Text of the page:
Everything in nature, and presumably everything in the universe, follows the laws of thermodynamics. According to the second law of thermodynamics, closed physical systems will tend toward an equilibrium state that is maximally disordered. This law can be understood using two intuitive examples: food coloring that enters a glass of water as a single, highly ordered droplet gradually spreads to color the entire glass; the carbon dioxide that animals exhale does not hang around their faces, but dissipates through the entire room. For order or organization to be maintained—that is, for a system to remain at a non-equilibrium state—energy must be expended or dissipated. For instance, take the vortex that forms when a toilet is flushed. The order that characterizes the water vortex only lasts until the potential energy from the water in the tank is expended. Expending energy to maintain the vortex, or to maintain any organization for that matter, reflects work (in the technical sense used in physics). What this energy expended as work does is both order and constrain the possible ways in which the components of a system can behave, so that, to continue with our example, almost all of the water molecules move in a helical pattern instead of any of the other possible ways they might move. In open non-equilibrium systems, therefore, when work is being done, energy is being expended, and this energy dissipation creates constraints on the components of the system that last only as long as work is being done to keep these constraints in place. The constraints allow for organization to exist, including the kind of self-organization one sees in the vortex in a flushing toilet and in the many other examples of spontaneous order described in the literature on self-organization and complexity. (Note that Deacon calls these systems ‘morphodynamic’; most everyone else calls them ‘self-organizing’ or ‘complex’ or ‘dissipative’.)

A common question that is asked by those who initially learn of the second law of thermodynamics is: how can there be so much biological order on Earth (i.e., humans, animals, plants, etc…) if all systems evolve towards an equilibrium state that is maximally disordered (i.e., has maximum entropy)? Isn’t this order in violation of the second law of thermodynamics? The short answer is no. This is because the earth and all biological systems are not closed systems, but rather are open to a flow of energy. Indeed, the Earth’s surface is constantly bombarded with energy from the Sun, with this constant influx of energy keeping the surface of the Earth in a non-equilibrium state, enabling ordered phenomena such as bacteria, oak trees, and Elvis impersonators. However, it is important to keep in mind that self-organizing systems such as these are always temporary, and use up the energy and dissipate the constraints that enable their existence over time (sometimes on a short or sometimes on a long time-scale). The vortex dissipates the potential energy; trees use up the nutrients in the soil; Elvis impersonators eat all the cheeseburgers; and so on.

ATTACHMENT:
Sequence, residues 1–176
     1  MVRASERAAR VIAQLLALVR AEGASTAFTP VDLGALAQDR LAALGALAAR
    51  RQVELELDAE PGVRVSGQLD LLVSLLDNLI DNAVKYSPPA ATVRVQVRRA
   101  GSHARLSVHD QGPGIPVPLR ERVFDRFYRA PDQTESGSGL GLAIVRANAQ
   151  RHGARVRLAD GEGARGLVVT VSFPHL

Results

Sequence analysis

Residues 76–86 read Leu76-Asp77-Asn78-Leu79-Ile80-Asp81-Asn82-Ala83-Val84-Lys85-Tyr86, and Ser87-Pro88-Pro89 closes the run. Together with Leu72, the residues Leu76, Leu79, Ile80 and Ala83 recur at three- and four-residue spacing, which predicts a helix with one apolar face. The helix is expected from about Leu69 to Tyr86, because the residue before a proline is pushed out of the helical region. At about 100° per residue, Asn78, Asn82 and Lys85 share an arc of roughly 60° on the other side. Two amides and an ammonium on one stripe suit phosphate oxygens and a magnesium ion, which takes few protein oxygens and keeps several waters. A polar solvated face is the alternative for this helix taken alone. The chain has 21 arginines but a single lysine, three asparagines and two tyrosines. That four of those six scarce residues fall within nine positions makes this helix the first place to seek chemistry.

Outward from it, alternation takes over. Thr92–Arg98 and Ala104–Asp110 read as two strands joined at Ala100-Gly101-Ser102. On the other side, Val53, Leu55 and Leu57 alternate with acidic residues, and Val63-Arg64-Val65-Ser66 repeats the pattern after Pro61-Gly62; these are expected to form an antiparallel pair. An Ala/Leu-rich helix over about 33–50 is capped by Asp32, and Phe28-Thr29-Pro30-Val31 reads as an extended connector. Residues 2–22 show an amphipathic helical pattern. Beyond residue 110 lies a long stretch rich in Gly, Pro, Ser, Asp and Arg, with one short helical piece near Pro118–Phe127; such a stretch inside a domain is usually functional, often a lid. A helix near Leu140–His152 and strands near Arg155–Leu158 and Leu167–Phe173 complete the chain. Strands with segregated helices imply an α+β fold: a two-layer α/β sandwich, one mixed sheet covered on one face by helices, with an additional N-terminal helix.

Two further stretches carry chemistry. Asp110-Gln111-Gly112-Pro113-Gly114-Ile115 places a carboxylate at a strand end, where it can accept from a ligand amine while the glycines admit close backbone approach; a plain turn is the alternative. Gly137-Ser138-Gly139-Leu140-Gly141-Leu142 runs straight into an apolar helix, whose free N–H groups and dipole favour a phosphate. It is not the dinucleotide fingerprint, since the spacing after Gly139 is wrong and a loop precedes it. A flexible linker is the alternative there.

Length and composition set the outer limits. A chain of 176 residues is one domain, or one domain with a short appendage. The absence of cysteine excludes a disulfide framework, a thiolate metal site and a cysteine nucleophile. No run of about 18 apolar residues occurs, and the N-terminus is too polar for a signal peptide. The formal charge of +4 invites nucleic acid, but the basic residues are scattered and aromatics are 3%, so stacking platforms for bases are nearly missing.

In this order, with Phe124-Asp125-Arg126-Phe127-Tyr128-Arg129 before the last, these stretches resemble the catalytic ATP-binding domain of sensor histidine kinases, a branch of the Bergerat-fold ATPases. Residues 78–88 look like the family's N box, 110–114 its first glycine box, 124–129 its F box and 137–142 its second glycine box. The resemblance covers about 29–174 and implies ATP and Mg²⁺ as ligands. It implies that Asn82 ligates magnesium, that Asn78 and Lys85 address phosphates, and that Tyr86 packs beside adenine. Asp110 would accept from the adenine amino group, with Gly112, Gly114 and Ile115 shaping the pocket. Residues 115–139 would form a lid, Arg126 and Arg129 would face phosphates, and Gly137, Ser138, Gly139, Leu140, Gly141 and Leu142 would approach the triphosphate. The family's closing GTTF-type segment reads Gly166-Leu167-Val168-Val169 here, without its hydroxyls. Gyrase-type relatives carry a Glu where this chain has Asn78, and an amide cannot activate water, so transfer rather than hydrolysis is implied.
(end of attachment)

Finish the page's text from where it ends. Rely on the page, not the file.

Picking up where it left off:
Sometimes, as is the case with all living things, multiple non-equilibrium dissipative self-organizing systems maintain one another’s constraints. The paradigmatic case of this, discussed in detail by Maturana and Varela (1980, 1987) is the cell. The self-organizing network of reactions that are the cell’s metabolism, among other things, maintain and repair the cell wall. At the same time, the cell’s wall is a selectively permeable boundary around the metabolism, maintaining chemical concentrations at the right levels for the reactions that make up the mechanism. The cell wall and metabolism act so as to constrain one another. The wall constrains the movement of the chemicals inside the cell and in its environment so that the metabolism continues. At the same time, the metabolism repairs breaches in the wall so that the chemicals that make up the wall continue as part of the cell wall. Maturana and Varela call systems like this ‘autopoietic’ or self-creating/sustaining; Rosen calls them ‘closed to efficient cause’ (1991, 2000); Swenson and Turvey (1991) call these systems ‘autocatakinetic’; Deacon calls them ‘teleodynamic’.